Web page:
When The Architect’s Newspaper weighed in on the design of the new J.W. Marriott, it noted with not a little bit of eye-rolling that the dramatic staircases that ascend from the lobby “scream: ‘Take your wedding photos on me!’”
It’s so true. And it’s so apropos that those staircases lead directly to the Florentine, where all manner of wedding reception food—Short ribs with polenta! Tiramisu!—beckons. Or rather, doesn’t. Ordering off this menu is like checking “meat” or “fish” on a wedding RSVP card. You do it blindly, because you know it doesn’t matter—whatever you pick, it probably won’t be good.
Maybe this lifeless-at-first-glance menu shouldn’t be a surprise. The Florentine is the first Chicago foray of NYC–based BLT Restaurant Group, which means that at its core, it is a corporate endeavor. That they should come up with a list of dishes that appear to have been focus-grouped to death—maybe that’s de rigueur for the company. Or perhaps it’s de rigueur for chef Todd Stein, who, when you think about it, never had anything too shocking on his menu when he was at Cibo Matto, either. (That both Cibo and Florentine are hotel restaurants probably doesn’t help.)
Whatever the reasons, the Florentine’s menu ends up working in its favor. It keeps expectations low. So when the food finally arrives, and you taste it, and you find that it’s been executed perfectly and tastes better than most restaurant food you’ve had lately (and certainly better than any wedding food)—it’s a slap in the face. The good kind.
It should be noted here that much of the joy of the Florentine comes from the staff, which must have had some serious corporate training. They’re all smiles, particularly at the host stand. Servers smile a little less, but it’s only because they’re serious about knowing the menu, getting you your drink, describing the dishes and, ultimately, upselling you whenever they can. Other than when they tell you you need a full pasta portion to feed two people as a primi course, they’re trustworthy guides.
Of course, if you’re planning on eating that pasta all by yourself, as an entree, you’ll need the whole portion. Not because the half isn’t big enough, but because Stein’s pastas have an addictive quality. The texture of his tagliatelle is unmatched by any other in the city, and the sauce he pairs it with—a tomato sauce with ricotta and tiny meatballs—is simple and flawless. His spaghetti has bolder elements—briny squid ink pasta mingles with sweet crab meat, fresh mint and chiles—but the spaghetti itself is far less revelatory. In fact, it was so al dente one evening it could hardly be chewed.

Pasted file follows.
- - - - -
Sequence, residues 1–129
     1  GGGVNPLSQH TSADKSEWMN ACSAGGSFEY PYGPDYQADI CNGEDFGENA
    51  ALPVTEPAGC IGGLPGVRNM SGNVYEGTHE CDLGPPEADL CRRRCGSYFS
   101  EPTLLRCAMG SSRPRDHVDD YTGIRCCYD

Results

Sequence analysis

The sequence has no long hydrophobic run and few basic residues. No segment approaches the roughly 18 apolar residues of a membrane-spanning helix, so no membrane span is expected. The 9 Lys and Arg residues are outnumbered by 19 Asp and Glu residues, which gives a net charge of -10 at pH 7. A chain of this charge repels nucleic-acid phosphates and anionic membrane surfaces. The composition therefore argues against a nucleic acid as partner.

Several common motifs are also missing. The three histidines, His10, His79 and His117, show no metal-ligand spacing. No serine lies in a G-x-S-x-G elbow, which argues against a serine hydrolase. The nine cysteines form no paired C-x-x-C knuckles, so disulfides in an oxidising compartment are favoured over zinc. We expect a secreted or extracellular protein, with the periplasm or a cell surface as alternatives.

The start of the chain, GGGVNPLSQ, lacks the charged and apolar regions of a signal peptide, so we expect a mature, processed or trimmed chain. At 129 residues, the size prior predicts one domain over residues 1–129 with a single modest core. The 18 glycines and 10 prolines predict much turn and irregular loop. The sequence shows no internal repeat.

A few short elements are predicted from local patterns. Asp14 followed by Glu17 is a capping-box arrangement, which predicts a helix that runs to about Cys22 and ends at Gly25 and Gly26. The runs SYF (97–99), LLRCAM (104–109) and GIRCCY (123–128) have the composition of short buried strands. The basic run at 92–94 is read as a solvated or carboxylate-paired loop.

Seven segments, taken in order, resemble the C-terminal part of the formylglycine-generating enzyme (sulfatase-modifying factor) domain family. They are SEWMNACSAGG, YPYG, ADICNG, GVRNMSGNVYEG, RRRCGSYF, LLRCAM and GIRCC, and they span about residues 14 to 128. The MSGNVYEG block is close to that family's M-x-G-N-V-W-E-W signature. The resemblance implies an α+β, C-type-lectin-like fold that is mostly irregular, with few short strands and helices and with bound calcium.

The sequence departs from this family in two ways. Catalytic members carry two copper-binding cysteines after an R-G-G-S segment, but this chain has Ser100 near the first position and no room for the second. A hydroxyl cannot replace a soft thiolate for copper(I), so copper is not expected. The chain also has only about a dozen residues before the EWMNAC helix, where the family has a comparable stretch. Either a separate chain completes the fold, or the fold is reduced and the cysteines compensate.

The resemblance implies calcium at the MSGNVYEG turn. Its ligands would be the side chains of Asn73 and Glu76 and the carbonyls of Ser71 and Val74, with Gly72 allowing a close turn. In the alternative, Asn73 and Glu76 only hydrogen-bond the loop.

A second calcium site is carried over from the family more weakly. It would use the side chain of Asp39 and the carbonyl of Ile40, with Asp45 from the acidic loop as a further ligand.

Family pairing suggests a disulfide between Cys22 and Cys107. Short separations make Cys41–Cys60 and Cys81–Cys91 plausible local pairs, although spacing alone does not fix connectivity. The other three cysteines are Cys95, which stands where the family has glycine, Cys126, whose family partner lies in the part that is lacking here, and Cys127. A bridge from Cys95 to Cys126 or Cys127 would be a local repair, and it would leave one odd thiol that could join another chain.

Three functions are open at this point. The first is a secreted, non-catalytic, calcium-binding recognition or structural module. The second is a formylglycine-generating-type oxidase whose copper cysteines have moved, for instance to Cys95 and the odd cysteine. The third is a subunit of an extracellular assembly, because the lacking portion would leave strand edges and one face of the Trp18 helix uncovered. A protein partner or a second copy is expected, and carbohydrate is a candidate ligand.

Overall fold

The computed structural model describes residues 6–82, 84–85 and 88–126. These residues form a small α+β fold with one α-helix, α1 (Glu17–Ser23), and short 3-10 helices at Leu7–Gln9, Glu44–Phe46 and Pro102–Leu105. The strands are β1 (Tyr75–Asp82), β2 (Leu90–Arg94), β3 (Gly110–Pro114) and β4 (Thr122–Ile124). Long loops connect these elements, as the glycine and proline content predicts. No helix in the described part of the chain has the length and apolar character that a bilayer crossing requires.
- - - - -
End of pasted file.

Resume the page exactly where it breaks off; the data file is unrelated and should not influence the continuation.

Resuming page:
So everything is not perfect here. Those short ribs are the opposite of exciting, and the marscapone polenta it’s plated with gets Play-Dohish fast. And the swordfish, a steak sliced lengthwise into two filets, arrived a little dry. But Stein cooks his trout beautifully, and pairs it with buttery chanterelle mushrooms. His massive pork chop has a caramelized crust that Stein deftly achieves without drying out the meat within. Crudo exhibits the clean, pure flavors of great hamachi, and the mozzarella fritti—though a little greasy—matches the robust flavor of buffalo mozz with sweet-tart pickled raisins.
As for desserts, they are unremarkable across the board: fluffy but boring doughnuts, a sweet but otherwise characterless rum baba. The real sweetness comes on your way out, when you pass those beacons of cheerfulness at the host stand. So friendly, so charming, you’ll want to call out to them: Arrivederci! And when you step through the doors and find yourself at that staircase, you may even find yourself compelled to run back and propose.